It’s a beautifully designed book, chock full of interesting information and appealing illustrations, and written in a clear, engaging style. That’s ‘Kea: Patient #78129’ on the cover, wrapped in a towel ready for his daily weigh-in. As Hunt explains, the patients are identified by their species and a number:
The Wildbase team tries very hard not to tame patients. It’s not good for the birds to rely on people because sooner or later they will be free, living healthy independent lives in the wild. They are not humans and that’s why they (mostly) don’t have names.”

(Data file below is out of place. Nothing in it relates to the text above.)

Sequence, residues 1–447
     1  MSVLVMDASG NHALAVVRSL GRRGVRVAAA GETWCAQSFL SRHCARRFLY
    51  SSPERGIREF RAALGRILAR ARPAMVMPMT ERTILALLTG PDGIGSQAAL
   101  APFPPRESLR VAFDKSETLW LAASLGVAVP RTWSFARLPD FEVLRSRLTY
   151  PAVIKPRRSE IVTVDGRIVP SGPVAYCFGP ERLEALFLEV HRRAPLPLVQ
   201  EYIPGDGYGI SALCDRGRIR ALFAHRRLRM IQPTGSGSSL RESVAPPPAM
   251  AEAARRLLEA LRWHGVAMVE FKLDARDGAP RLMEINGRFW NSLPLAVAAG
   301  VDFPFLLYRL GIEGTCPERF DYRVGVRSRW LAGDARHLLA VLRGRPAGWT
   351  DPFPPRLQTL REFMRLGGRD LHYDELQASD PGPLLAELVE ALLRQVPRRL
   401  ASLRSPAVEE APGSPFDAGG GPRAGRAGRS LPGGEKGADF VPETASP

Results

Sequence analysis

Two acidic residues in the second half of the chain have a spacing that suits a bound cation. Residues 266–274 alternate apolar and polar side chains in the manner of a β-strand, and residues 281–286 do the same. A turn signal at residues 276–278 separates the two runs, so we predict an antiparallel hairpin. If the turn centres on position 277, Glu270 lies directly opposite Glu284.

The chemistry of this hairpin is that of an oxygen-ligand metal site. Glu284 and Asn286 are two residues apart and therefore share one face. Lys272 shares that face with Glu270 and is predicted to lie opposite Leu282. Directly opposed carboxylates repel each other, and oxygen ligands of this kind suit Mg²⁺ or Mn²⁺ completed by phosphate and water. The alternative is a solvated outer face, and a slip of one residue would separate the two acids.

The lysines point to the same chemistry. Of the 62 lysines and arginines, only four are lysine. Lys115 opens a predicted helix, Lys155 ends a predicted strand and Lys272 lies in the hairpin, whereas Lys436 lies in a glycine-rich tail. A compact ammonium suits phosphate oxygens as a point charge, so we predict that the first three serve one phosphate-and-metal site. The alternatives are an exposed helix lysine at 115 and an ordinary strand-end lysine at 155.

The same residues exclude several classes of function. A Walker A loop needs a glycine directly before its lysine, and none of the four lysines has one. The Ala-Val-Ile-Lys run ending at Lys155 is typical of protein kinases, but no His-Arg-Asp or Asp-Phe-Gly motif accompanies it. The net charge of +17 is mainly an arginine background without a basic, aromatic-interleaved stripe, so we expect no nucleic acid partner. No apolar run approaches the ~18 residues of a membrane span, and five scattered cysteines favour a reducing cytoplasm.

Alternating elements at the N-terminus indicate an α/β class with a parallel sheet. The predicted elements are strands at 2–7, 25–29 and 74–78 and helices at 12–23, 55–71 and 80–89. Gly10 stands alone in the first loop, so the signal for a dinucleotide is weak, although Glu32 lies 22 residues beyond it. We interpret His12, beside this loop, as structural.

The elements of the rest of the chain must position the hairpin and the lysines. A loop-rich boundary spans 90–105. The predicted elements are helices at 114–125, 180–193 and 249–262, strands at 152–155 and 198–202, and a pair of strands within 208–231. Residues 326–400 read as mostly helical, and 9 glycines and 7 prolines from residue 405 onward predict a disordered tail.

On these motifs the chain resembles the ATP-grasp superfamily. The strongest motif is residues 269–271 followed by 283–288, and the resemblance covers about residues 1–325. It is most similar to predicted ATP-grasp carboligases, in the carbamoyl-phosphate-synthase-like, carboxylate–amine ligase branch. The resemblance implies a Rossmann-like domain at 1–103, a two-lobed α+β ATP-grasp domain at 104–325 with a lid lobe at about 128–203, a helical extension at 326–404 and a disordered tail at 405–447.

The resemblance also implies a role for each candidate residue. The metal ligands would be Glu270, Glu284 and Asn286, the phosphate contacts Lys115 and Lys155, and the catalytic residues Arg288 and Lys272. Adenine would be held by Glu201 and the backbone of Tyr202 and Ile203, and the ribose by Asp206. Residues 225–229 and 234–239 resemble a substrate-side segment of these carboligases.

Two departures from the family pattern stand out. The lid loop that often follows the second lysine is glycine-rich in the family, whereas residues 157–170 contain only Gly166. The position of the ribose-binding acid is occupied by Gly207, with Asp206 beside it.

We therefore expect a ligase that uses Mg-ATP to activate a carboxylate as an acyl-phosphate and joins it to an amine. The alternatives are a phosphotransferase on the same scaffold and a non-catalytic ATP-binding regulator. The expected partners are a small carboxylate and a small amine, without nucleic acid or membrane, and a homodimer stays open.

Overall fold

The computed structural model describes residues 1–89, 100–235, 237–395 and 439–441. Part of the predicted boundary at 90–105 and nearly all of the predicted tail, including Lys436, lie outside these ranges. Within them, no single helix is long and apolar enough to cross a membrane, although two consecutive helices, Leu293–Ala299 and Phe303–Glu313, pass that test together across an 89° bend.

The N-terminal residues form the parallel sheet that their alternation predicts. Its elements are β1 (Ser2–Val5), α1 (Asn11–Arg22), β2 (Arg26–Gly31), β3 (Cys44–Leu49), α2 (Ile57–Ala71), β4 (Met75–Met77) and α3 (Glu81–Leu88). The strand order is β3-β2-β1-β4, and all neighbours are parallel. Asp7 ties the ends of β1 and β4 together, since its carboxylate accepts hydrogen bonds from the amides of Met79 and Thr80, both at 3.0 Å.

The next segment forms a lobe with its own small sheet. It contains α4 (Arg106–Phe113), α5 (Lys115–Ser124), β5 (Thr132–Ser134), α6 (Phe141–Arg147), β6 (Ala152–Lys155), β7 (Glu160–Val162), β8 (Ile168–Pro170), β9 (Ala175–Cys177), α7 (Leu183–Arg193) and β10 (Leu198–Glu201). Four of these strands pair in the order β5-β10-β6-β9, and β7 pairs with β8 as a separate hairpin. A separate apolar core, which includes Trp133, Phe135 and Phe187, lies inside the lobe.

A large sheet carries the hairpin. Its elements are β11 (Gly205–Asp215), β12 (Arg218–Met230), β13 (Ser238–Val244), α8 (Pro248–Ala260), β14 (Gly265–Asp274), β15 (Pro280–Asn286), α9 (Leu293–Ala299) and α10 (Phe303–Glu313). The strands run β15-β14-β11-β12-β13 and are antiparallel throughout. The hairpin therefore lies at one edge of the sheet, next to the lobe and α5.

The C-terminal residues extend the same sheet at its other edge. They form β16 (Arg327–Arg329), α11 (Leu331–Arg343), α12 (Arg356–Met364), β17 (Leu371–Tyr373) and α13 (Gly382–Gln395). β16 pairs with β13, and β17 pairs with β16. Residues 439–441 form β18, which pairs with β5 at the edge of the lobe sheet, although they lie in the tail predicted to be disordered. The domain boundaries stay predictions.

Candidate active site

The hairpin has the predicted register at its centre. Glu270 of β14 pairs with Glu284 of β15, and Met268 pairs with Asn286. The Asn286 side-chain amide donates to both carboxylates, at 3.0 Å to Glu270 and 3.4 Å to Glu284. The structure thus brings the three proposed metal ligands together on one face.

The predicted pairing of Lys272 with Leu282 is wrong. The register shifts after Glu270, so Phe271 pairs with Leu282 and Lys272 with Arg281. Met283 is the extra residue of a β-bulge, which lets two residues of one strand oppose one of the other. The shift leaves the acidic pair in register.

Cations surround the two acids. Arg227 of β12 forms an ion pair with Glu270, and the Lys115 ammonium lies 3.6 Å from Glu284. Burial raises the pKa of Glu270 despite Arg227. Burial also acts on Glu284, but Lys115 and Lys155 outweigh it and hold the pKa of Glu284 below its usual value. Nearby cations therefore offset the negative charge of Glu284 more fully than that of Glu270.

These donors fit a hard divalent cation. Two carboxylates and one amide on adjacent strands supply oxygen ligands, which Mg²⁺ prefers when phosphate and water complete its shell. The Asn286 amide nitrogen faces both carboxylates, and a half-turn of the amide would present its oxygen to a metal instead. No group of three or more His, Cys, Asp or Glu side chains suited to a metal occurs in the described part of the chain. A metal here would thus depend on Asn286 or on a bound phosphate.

I have always wanted to be a member of the SPCA Dog Squad. I’ve owned Curly-Coated Retrievers since 1995, but my previous Curlies, for various reasons, were not suitable: too bouncy, dribbled, didn’t like children. And then, two years ago, I adopted Jack. I soon realised he was a perfect mix of cheerfulness and calm, an important quality for a therapy dog.
Our first ‘job’ as a member of the SPCA Dog Squad, with our coordinator, was to the children’s ward at the Dunedin Public Hospital. Who was more nervous, Jack or me? It was hard to tell.